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Concern for the future independence of veterinary practices

A WELSH vet has voiced his concern for the future independence of veterinary practices as large corporations tighten their grip on the sector.

Richard Davies, a partner at the Pembrokeshire-based Fenton Veterinary Practice, is a leading advocate of independence in the veterinary industry.

He is retiring as a vet in a month that has seen more Welsh veterinary practices sold to corporate giants.

Some figures suggest that only half of practices in the UK are now independently owned.

It follows a reinterpretation of the law in 1999 allowing non-vets to become practice owners. Initial uptake was slow but this has accelerated recently, with a forecast of up to 80 per cent of practices becoming ‘corporate’.

Mr Davies, who grew up in north Wales where his father was a farm vet, says his practice had been approached almost monthly with a buyout offer.

Corporates have a variety of business structures and ‘reward’ the owners for selling up with various titles, but ultimately control those businesses including pricing, hours worked and targets, he says.

“The winners of the initial sale are the current practice owners, who are paid handsomely, and well beyond what it would be affordable or sensible for younger vets within the practice to buy into.

“Hence the ones in line to be the next partners or directors are the losers as the opportunity to buy in has gone, even though they may themselves have built up substantial goodwill with the clients.’’

There are around six large groups involved in buying up practices.

Farmers are often in the dark about the changes as the corporate owners often don't make many changes to naming and branding; as such, clients are often unaware of who owns the practice.

The business model is usually a roll-up model, where a medium-sized corporate buys up practices across the country with the aim of eventually selling on to a bigger company at a higher price having hit targets and realised synergies, often by centralising or devolving management practices.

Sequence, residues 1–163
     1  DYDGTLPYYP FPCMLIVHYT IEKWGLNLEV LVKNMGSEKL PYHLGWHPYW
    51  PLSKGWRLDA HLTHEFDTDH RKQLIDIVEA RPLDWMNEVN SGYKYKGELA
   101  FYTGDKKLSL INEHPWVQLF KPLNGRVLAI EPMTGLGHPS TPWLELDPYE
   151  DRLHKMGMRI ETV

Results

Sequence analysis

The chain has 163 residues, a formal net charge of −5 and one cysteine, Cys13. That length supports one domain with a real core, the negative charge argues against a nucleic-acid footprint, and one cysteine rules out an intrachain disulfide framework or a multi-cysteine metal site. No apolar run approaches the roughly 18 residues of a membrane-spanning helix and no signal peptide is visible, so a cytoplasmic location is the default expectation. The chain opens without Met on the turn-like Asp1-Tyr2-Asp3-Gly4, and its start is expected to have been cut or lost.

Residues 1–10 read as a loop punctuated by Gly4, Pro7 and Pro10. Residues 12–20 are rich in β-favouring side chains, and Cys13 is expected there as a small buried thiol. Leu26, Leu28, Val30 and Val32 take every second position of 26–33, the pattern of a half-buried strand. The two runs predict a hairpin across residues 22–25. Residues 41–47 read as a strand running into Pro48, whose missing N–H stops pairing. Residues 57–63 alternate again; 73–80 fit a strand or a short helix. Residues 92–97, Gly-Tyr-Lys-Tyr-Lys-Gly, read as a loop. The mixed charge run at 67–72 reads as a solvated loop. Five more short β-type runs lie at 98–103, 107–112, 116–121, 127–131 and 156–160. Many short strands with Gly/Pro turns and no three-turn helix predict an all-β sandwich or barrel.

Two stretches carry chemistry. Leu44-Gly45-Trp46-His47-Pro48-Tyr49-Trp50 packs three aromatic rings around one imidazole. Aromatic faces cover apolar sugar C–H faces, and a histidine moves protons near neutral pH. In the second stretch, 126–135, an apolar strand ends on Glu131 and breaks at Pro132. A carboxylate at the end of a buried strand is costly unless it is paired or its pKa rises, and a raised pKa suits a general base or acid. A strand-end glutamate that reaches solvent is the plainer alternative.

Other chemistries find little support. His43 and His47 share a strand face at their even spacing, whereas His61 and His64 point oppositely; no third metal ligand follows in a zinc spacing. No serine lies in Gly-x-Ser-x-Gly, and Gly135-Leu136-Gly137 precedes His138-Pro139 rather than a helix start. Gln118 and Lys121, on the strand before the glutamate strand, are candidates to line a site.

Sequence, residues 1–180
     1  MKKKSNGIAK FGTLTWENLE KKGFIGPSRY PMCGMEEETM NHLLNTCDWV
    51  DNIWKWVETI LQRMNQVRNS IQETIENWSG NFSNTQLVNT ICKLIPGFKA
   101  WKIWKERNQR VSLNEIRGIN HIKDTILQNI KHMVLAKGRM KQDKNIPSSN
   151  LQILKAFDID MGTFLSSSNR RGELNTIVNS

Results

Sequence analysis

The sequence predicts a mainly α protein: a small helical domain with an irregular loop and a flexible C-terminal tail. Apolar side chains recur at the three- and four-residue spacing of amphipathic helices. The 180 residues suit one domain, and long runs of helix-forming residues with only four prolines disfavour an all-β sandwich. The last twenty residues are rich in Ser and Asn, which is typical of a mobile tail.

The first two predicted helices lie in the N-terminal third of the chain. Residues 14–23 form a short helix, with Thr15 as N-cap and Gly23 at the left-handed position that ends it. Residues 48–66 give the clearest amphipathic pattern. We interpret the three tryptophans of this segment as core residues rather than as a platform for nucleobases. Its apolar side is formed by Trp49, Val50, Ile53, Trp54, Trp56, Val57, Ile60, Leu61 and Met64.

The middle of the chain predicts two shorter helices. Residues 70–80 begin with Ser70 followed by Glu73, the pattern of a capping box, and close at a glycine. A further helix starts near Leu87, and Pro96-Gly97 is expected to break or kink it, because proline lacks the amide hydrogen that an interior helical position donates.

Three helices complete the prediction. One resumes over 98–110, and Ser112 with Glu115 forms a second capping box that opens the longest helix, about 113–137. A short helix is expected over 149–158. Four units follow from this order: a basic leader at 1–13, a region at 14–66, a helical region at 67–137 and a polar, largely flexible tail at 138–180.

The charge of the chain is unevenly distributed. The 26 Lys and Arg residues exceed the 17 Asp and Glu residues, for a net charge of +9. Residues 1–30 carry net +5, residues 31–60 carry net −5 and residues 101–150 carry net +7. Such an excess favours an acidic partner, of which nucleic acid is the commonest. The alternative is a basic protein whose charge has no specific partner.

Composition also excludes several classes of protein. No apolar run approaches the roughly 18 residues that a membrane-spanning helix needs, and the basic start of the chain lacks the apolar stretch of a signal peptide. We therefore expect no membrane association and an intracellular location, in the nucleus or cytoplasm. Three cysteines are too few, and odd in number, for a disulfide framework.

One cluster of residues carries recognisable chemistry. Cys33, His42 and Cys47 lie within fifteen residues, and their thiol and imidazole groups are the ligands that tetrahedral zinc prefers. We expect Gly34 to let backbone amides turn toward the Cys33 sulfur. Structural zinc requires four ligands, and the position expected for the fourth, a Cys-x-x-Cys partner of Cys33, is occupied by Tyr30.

This benefits shareholders without always giving consideration of the local employees, including the vets, says Mr Davies.

In some areas, this leads to ‘Phoenix’ practices being set up, where disillusioned young vets set up themselves to continue to offer a local independent service.

This is seen quite commonly in farm practice takeovers, where the client-vet bond is especially strong.

“If they stay they are potentially facing being managed centrally, both with working hours as well as being set targets or even told which diagnostic procedures need to be carried out and which drugs are authorised for use. The latter varies between the companies involved,’’ says Mr Davies.

But he concedes that there are some advantages to multiple ownership, including bulk buying and more ‘efficient’ management of practices and personnel.

However the client perspective of the 'local practice’ can easily be lost, albeit well-hidden through retention of as much of the original identity as possible, he adds.

“Some business models which tried to corporatise the identity have struggled to retain a solid client base.’’

Some practices have found solutions to remaining independent.

One example is membership of the XLVet group which was set up primarily as a sign of clinical excellence, whilst also allowing some benefits of a ‘group’ of practices working together but with every member fully independent.

About the author

Fenton Vets

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